JUNE 18, 2013 | by Darcy Blake | Every woman at the Parkinson’s Women Support lunch table remembers the exact moment she received the word from her doctor, “You’ve got Parkinson’s Disease.” We went into denial, shock, anger, sorrow and some of us sought a second opinion. While most of us experienced the same gamut of reactions on that day, very few of us would ever say that our symtoms are the same.
Whaat’s in the Garden?
Some of us heard a familiar line, “You’re lucky, you’ve just got the garden variety.” Translation: a little shake and a little shuffle and not anything too terrible and exotic. But even with that, we each have our own treatment regiment and progression. Just like there are over 100 species of roses that you might find in a garden, so you might have as many combinations of “displays” in the garden of PD. Some of us have a tremor, some do not. Some lose the strength of their voice, or they have balance issues, or rigidity and others do not show that outcome at the same stage in the disease progression. Some have reactions to medications, others do not, and the list goes on.
Get that Body Moving
Therefore, when a newly diagnosed PD person meets our group and is worried about how PD will evolve for her (or him,) we can’t give generic advice based on our experience that will be definitive, because we are all different. Research shows that you can improve your quality of life if you exercise frequently. The need to exercise is kind of a given these days, and it is our anchor. The rest is for you to discover.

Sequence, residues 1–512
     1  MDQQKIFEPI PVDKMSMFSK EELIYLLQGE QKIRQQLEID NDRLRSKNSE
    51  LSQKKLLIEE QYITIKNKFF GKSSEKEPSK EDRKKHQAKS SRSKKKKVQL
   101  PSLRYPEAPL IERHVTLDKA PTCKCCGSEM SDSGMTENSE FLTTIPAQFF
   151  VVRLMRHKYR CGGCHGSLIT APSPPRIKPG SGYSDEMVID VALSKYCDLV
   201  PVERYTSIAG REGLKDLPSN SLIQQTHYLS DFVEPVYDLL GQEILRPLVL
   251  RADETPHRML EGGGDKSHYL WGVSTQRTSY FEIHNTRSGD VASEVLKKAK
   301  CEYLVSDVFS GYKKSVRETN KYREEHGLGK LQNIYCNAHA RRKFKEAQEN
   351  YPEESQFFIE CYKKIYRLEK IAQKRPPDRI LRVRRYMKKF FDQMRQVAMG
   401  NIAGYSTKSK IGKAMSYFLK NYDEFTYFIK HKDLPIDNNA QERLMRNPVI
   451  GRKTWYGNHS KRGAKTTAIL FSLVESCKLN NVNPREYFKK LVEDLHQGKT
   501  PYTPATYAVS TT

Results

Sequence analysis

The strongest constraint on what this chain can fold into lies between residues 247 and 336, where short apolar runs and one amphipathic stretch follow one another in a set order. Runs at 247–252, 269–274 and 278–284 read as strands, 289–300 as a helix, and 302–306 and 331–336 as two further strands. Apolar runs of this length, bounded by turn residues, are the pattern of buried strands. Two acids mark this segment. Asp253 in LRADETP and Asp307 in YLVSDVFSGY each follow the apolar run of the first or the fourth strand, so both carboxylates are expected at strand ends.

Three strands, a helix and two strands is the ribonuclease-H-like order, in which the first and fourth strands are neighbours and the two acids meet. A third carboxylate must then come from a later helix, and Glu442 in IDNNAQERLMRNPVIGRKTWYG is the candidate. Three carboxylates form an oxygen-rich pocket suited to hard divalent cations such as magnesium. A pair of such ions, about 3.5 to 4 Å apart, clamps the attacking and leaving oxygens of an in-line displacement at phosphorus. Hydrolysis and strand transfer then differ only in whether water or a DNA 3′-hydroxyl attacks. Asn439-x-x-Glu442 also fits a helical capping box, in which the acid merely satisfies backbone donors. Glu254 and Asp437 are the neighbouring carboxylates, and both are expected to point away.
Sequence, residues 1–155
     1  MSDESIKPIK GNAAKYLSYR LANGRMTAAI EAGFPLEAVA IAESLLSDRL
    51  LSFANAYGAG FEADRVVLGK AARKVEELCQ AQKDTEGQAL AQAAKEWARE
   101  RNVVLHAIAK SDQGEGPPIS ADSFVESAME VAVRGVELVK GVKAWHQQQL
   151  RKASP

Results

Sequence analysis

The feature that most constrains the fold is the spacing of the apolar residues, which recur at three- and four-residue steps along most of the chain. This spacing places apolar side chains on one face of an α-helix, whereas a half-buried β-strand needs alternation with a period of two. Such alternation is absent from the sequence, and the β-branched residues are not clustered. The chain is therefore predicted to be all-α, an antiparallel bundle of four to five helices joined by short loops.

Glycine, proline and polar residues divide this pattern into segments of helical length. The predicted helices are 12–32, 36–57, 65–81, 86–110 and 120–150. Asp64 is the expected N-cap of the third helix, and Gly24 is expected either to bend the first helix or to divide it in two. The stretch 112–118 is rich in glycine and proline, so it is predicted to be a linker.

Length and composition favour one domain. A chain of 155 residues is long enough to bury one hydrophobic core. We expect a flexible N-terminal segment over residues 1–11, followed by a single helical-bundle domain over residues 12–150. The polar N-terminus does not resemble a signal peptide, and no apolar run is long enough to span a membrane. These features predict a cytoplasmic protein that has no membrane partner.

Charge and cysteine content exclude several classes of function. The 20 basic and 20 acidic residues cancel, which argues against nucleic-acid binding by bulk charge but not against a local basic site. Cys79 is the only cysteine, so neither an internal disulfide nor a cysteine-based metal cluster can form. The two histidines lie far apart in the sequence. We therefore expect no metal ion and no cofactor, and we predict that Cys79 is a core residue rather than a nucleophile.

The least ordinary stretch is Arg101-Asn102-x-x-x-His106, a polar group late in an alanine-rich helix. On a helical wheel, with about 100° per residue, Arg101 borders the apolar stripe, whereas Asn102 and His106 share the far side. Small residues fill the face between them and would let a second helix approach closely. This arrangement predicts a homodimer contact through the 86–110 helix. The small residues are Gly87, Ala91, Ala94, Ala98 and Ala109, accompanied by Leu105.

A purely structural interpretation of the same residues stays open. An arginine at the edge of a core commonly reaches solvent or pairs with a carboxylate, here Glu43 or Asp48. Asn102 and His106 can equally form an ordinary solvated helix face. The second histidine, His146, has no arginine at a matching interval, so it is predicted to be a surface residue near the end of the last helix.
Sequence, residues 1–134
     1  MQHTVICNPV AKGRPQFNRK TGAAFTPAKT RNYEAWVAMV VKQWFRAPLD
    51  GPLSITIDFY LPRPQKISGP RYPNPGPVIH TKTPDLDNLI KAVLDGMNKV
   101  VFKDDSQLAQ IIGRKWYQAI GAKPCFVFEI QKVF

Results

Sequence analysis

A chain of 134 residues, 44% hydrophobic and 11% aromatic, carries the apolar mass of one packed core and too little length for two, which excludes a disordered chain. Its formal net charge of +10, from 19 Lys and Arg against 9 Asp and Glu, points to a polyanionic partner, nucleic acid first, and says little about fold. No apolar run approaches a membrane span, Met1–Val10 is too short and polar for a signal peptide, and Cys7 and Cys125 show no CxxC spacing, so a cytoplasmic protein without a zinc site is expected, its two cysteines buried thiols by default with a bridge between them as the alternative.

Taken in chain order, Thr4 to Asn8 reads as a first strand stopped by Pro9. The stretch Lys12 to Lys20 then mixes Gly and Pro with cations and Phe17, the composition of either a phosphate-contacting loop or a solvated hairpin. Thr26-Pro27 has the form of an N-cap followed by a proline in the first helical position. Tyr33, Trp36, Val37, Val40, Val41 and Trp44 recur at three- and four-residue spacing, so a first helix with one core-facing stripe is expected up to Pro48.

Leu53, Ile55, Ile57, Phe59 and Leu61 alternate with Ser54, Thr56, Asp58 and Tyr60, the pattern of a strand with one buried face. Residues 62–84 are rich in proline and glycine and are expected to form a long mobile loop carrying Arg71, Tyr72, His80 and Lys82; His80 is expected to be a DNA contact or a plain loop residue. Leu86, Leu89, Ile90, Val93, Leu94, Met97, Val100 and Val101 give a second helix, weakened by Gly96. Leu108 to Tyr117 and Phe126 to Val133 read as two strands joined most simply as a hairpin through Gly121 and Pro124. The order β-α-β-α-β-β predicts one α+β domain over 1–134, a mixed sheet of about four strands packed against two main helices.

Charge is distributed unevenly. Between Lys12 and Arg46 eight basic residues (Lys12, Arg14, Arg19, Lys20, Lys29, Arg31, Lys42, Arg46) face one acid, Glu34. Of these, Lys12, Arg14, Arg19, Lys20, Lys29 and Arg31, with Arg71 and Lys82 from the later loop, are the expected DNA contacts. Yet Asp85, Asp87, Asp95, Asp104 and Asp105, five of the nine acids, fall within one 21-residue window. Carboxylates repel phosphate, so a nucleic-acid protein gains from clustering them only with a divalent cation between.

The women in our group are go-getters. Some of them have had PD for 15 years and more. They aren’t all still employed, but some, like me (I’ve had PD for 5 years) definitely are. What an active bunch! They are running in marathons, traveling the world, skiing, creating art, making crafts, heading non-profit fundraisers, taking care of grandkids and more. My mother has had PD for 25 years. She never exercised. She is now in a wheelchair with the same “garden variety” of shake that she has pretty much always had. Would she be in a wheelchair today if she had exercised? We don’t know. That is how her PD “garden” grew. Is everyone the same? Absolutely not.
A Full Life Ahead
I think that the lunch bunch would agree that this news should be encouraging for a newly diagnosed person with PD. The point is, you are just diagnosed, but probably nothing terrible is happening any time soon. You have a full life ahead of you, and now you’re going to value it just a little bit more. This is your time to do something special, like maybe plant a rose.